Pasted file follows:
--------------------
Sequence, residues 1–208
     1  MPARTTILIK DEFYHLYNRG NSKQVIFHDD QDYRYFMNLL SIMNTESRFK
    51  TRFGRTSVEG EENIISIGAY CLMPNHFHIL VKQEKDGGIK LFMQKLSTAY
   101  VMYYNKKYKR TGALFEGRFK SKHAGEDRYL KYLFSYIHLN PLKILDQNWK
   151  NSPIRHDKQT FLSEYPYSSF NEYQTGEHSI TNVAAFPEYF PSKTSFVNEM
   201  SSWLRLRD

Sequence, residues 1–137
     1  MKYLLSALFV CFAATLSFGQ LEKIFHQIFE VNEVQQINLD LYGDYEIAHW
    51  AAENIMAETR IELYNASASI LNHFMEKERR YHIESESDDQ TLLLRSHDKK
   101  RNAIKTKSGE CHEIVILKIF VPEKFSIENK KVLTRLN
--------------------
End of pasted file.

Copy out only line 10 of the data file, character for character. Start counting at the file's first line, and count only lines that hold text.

   101  RNAIKTKSGE CHEIVILKIF VPEKFSIENK KVLTRLN